Violet Control in Lawns
Violets are tough to control in a lawn. They grow from perennial roots, so the plants come back each year if the roots aren’t removed or killed. Furthermore, the flowering weed produces copious seeds that are scattered far and wide.
Before I proceed with chemical controls, let me mention the Water Weeder, which uses a jet of water to loosen a clump of weeds so you can pull it out of the ground. Totally organic! (see picture below)
FOR FESCUE, ZOYSIA If you choose to spray, I think the best chemical for violet control in fescue and zoysia lawns is triclopyr (click for sources).
I have seen the effects of triclopyr on violets, wild strawberry and ground ivy in a neighbor’s lawn. Two weeks after spraying, most of the weeds curled up and turned yellow. With a second spray three weeks after the first one, 90 percent of the weeds were controlled. Fescue grass is the best choice for lawns in partial shade – but these conditions also favor violets. That is why violets are such a troublesome and hard-to-control weed. Triclopyr can not be sprayed on a newly sprouted lawn until after it has been mowed a few times. Wait at least three weeks after using this chemical before planting fescue seed. The label also allows use on zoysia lawns plus ryegrass and bentgrass.
NOT ON BERMUDA, CENTIPEDE If you have bermuda, centipede or St. Augustine grass, you’ll have to continue using other chemicals. Triclopyr is not labeled for use on these grasses.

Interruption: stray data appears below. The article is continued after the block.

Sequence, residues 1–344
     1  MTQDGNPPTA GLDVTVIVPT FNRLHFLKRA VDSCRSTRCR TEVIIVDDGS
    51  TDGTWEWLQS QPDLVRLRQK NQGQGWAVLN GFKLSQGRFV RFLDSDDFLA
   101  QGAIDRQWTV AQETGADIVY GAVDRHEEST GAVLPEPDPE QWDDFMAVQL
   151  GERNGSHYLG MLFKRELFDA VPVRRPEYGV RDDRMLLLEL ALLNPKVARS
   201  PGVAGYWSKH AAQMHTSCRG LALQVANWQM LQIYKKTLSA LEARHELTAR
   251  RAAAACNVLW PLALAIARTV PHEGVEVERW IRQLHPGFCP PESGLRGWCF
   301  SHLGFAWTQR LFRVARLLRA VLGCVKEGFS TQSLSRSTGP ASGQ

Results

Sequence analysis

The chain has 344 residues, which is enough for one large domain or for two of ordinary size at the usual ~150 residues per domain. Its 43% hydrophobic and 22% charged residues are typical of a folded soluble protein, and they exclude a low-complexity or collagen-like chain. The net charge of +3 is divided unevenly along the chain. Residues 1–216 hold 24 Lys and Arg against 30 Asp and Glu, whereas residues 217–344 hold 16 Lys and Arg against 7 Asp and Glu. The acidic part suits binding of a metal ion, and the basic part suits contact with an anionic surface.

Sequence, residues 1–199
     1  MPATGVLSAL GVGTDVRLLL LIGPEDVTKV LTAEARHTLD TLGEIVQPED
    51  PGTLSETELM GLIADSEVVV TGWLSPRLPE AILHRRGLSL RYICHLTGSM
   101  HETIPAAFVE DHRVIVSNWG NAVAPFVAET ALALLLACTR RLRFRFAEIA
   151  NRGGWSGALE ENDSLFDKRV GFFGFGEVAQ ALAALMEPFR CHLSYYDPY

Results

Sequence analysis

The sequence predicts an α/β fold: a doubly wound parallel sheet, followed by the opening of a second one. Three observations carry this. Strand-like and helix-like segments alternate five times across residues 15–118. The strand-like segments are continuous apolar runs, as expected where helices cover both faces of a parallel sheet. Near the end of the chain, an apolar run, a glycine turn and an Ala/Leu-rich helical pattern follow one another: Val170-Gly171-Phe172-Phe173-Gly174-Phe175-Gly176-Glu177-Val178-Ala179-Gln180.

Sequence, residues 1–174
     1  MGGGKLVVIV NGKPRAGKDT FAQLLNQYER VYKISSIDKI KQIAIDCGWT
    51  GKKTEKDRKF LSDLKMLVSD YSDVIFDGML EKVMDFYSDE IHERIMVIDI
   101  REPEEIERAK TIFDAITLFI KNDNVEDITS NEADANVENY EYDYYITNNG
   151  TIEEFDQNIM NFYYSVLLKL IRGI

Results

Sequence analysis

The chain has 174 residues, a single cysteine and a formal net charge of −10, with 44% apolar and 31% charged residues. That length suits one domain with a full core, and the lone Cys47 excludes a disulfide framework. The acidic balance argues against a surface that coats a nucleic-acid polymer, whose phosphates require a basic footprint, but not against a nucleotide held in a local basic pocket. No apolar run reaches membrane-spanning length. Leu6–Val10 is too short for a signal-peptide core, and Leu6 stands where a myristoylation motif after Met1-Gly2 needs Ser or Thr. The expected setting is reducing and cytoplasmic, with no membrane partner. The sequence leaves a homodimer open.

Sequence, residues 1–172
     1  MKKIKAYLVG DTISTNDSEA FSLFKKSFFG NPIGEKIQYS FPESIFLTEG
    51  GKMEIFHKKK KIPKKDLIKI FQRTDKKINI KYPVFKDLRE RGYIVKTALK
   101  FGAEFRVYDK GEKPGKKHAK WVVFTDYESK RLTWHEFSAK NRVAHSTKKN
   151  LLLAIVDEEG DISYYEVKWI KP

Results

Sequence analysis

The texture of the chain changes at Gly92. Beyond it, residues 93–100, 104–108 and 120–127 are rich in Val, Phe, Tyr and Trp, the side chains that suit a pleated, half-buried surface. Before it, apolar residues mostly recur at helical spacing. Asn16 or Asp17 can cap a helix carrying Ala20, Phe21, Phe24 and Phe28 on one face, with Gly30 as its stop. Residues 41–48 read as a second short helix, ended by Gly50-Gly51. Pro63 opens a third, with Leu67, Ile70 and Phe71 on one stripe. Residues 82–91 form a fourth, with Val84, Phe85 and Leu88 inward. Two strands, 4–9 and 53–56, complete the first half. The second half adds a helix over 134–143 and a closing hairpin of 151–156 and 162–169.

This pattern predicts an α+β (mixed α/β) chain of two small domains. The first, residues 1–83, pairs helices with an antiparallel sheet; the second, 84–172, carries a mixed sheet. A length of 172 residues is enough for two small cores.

Use one of the “three way” broadleaf weed killers (click for sources) on your weeds instead. In the last few years, “four way” weed killers have been introduced: BioAdvanced Season Long Weed Control (click for sources) and Bonide Weed Beater Ultra (click for sources). Atrazine (click for sources) is labeled for broadleaf weed control in centipede and St. Augustine lawns.
READ THE LABEL I continue to be troubled by incomprehensible lawn chemical labels. In defense of the manufacturers, they must fit lots of information in a small space. Federal regulations require various warning messages in a specific format. Usage instructions and a list of pests controlled must be prominent. Most of all, the chemical package has to be attractive and convenient to use in order to attract buyers. More often than not, though, I see consumers with puzzled faces peering at products displayed on the lawn chemical aisle, trying to decide which is best for their problem. I have also overheard nursery employees admitting they are unable to decipher a product label.
My advice is to buy lawn chemicals when you’re not in a hurry, take time to read the label completely and don’t buy a product until you’re sure it will do what you intend.
OR LEAVE THEM ALONE Remember too that you always have the option to leave the violets be. The flower is attractive and if you don’t mind them mixing with your lawn grass they are just as green as any other plant. In addition, despite the chemical-heavy advice above, the BEST weed control is a vigorous and well-maintained lawn.